"Mr President, I am Mikhail Kosenko’s sister"

posted 25 May 2014, 10:23 by Rights in Russia   [ updated 25 May 2014, 10:25 ]
20 May 2014

Source: HRO.org (info)
The sister of one of the Bolotnaya prisoners who has been sentenced to compulsory psychiatric treatment asks for her brother to be released. There are legal prerequisites for this. Two years in prison and hospital have proved that his mental state is stable. Mikhail Kosenko has been recognised as a prisoner of conscience.

This appeal was published in Novaya Gazeta:

"Mr President!

My brother, Mikhail Kosenko, is one of the prisoners in the Bolotnaya case. Zamoskvoretsky district court sentenced him to compulsory treatment at psychiatric hospital No. 5.

During the course of the proceedings, clear evidence was given to prove that my brother was innocent but the court did not take into account any of the evidence presented by the defence and found Mikhail Kosenko guilty. As my brother suffers from a psychiatric disorder caused by a head injury sustained while he was in the army, specialists from the medical commission at Serbsky Institute concluded that he was of unsound mind and a threat to society.

He was in pre-trial detention for almost two years. For nine months, while court proceedings continued my brother was not allowed any contact with his relatives. Even when our mother died, he was not allowed to say goodbye to her, no matter how much we tried to get through to the officials who had the power to grant permission for such things. He wasn’t allowed out for even one hour… We were turned away by everyone with the words: ‘there is no applicable legislation for this situation.’ This is how we found out that you get the opportunity to say goodbye to your loved ones when they die if you’re a prisoner but not if you’re just awaiting trial.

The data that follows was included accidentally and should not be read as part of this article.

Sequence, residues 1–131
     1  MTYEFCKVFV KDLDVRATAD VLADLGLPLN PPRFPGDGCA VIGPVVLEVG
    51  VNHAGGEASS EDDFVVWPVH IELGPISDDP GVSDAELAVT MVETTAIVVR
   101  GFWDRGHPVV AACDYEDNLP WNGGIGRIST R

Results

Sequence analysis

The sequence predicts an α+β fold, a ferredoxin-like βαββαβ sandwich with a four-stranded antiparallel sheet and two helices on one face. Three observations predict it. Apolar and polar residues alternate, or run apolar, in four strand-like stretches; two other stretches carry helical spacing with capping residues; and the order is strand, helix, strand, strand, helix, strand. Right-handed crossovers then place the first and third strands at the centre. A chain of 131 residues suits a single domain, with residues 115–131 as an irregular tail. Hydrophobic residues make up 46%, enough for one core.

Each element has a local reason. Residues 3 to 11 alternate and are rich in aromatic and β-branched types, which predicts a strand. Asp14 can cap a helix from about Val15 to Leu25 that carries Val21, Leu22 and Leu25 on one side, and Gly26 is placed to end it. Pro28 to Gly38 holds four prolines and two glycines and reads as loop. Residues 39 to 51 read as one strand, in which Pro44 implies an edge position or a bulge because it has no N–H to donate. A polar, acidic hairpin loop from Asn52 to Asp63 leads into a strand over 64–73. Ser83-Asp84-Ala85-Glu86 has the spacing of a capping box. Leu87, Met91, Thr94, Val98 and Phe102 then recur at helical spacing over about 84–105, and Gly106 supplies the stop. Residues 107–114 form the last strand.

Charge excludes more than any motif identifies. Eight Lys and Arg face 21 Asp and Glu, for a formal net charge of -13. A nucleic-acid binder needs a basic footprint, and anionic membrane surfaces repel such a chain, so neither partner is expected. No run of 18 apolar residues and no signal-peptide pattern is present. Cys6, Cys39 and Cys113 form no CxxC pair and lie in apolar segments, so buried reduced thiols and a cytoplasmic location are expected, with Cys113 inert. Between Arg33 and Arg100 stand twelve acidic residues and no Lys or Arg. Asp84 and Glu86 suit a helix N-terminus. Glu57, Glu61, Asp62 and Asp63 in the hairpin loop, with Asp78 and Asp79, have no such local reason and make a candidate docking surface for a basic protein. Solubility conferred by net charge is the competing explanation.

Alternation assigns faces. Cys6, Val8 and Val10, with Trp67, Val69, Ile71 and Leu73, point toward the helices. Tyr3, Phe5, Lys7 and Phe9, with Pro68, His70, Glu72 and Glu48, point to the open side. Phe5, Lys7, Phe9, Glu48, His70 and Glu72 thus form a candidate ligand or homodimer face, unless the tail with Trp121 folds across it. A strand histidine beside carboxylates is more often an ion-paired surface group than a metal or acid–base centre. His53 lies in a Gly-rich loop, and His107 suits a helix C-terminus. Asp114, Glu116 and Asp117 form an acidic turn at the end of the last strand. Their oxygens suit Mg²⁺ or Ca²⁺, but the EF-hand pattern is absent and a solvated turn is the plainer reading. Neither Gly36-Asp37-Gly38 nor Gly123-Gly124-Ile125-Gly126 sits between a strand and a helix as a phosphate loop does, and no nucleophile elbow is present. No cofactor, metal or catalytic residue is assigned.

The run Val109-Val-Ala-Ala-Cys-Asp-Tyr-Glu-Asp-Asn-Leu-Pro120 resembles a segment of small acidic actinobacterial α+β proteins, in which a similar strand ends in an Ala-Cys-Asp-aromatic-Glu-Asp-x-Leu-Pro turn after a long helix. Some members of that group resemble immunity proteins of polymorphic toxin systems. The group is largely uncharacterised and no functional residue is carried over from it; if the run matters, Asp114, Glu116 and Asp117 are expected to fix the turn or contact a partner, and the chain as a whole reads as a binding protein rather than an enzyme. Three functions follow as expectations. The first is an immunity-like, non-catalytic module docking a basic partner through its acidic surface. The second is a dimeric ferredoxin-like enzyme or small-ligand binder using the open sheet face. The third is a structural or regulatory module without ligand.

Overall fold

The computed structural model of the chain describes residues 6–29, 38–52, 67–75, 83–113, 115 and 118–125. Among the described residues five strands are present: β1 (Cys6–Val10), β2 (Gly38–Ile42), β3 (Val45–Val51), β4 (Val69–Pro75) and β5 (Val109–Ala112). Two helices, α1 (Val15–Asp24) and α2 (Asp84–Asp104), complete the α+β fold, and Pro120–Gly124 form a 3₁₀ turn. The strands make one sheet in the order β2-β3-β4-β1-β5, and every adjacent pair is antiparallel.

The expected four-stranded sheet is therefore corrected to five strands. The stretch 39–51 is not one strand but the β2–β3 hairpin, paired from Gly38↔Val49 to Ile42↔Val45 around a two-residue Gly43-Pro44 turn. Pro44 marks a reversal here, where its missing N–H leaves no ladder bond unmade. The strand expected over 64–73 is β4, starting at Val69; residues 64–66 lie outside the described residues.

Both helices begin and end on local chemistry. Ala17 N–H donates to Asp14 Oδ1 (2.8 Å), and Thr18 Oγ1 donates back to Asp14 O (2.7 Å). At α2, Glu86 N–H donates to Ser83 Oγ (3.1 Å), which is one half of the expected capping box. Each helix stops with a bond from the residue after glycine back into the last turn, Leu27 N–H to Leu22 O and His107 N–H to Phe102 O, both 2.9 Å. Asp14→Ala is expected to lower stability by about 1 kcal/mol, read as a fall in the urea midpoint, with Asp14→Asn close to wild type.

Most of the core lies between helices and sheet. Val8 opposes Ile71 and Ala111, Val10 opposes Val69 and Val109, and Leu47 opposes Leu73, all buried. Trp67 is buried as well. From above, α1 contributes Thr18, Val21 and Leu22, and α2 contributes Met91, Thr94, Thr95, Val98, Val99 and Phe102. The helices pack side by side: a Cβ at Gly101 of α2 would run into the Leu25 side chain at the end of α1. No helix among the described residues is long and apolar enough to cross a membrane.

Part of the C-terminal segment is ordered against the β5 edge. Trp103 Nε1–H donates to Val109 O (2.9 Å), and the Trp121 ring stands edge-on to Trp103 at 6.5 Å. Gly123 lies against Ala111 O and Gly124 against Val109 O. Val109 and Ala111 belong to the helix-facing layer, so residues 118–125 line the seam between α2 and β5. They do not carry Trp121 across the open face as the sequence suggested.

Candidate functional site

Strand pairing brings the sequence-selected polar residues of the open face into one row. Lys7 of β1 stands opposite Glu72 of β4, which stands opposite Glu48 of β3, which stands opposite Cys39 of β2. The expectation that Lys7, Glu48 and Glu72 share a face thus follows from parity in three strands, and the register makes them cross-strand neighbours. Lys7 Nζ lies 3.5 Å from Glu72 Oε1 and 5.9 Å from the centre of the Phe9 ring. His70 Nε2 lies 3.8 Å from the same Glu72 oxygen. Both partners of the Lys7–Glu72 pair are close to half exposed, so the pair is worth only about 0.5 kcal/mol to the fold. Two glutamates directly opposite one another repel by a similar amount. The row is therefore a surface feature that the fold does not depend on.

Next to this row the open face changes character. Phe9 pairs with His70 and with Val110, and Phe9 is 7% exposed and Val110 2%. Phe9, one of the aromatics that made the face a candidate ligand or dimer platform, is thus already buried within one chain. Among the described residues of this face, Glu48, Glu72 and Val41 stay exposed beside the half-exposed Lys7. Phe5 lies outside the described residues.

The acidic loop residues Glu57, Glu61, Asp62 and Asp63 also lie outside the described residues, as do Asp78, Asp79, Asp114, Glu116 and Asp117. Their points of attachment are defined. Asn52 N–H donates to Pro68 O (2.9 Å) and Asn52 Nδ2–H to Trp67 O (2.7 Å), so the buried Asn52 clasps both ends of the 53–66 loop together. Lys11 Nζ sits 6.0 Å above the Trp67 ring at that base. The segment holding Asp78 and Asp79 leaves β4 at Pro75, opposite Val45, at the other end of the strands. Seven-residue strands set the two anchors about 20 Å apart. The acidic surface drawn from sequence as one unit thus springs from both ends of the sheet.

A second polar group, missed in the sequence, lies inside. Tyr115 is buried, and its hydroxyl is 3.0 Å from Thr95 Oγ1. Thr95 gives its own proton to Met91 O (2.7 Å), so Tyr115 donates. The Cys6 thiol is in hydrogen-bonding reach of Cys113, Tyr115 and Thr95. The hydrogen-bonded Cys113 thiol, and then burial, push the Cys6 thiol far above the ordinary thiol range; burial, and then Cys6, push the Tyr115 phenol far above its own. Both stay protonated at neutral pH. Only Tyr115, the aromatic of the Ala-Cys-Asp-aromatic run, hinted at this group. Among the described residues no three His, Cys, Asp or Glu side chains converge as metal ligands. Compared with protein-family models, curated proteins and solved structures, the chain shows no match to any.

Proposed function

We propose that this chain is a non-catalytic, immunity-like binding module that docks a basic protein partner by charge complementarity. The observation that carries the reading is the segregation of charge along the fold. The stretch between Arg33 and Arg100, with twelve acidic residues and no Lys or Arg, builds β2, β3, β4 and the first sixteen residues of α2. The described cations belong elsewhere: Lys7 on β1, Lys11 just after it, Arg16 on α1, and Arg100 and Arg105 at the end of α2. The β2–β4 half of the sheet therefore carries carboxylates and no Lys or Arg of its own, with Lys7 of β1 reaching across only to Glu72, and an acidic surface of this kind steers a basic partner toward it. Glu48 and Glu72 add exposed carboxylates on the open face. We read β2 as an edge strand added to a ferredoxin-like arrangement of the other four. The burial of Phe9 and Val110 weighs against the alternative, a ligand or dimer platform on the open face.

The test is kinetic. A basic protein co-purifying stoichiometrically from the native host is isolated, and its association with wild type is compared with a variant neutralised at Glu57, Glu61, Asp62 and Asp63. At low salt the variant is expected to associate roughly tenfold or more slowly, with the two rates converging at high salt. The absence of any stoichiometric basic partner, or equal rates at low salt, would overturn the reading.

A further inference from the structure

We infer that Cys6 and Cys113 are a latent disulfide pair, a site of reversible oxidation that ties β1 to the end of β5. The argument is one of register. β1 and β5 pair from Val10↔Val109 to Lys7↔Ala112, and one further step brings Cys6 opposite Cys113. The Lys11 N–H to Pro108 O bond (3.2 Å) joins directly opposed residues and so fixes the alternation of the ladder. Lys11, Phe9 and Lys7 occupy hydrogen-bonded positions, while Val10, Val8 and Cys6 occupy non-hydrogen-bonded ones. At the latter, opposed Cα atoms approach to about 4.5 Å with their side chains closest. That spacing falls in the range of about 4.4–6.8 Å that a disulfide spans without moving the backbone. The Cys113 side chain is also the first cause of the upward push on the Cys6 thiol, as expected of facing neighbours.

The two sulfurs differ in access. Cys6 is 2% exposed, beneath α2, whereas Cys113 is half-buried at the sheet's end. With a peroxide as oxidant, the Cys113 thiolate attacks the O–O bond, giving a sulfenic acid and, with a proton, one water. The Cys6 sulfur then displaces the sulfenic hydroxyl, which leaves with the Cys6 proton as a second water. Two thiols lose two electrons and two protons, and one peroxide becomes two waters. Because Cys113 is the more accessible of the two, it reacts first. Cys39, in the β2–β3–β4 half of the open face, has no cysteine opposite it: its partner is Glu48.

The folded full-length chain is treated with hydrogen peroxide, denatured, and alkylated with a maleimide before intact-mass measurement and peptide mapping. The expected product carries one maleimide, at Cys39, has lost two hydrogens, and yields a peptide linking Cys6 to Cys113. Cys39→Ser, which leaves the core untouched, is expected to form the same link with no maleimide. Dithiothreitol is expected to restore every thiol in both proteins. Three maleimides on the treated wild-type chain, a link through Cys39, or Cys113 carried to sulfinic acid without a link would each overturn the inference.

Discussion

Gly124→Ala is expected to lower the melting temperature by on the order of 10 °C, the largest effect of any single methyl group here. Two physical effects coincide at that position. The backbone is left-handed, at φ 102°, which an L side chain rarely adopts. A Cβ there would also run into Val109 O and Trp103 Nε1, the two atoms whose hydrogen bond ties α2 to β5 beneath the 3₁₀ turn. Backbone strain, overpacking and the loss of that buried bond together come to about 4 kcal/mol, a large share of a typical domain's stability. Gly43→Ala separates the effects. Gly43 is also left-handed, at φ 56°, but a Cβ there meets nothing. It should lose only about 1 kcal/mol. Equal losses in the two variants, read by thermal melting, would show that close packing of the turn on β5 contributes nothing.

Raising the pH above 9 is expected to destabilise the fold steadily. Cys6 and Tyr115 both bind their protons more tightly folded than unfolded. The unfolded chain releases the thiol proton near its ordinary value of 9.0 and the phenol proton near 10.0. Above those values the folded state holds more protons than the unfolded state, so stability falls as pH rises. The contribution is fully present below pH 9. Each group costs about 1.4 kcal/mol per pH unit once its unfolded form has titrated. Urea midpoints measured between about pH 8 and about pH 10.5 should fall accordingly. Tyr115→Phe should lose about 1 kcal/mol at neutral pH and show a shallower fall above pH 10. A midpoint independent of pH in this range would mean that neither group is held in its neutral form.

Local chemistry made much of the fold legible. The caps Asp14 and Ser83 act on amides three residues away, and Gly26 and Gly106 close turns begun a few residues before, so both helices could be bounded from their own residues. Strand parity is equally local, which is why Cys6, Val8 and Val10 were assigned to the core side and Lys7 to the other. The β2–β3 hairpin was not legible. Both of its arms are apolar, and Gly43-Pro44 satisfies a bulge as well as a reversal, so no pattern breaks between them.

Since 25 April 2014 my brother, Mikhail Kosenko, has been held in psychiatric hospital No. 5 under a general regime. He is not receiving any special treatment other than the medication he was getting before his arrest, during regular outpatient appointments with the attending doctor at his local hospital. No incidents with medical personnel or patients have occurred during this time, just as there were no such incidents during his time in pre-trial detention, which proves that his mental state is in a stable condition, even after all he has had to go through during the past two years.

I know that under the Criminal Code a patient receiving compulsory treatment is allowed to be transferred to outpatients if the medical administration at the hospital address a written petition to that effect to the court.

I don’t know why in our country, when officials at every level have rejected your pleas, one usually writes to the Head of State. But I am asking you, Mr President, to take note of this situation and look into the possibility of my brother being allowed to go home and receive outpatient treatment as he was doing for many years previously. I can say with certainty that his recovery at home will be aided by some of the leading specialists from clinics in Russia and Europe and this will no doubt achieve better results than holding him in hospital.

Hoping for an answer, Misha’s sister


Translated by Irina Zolotareva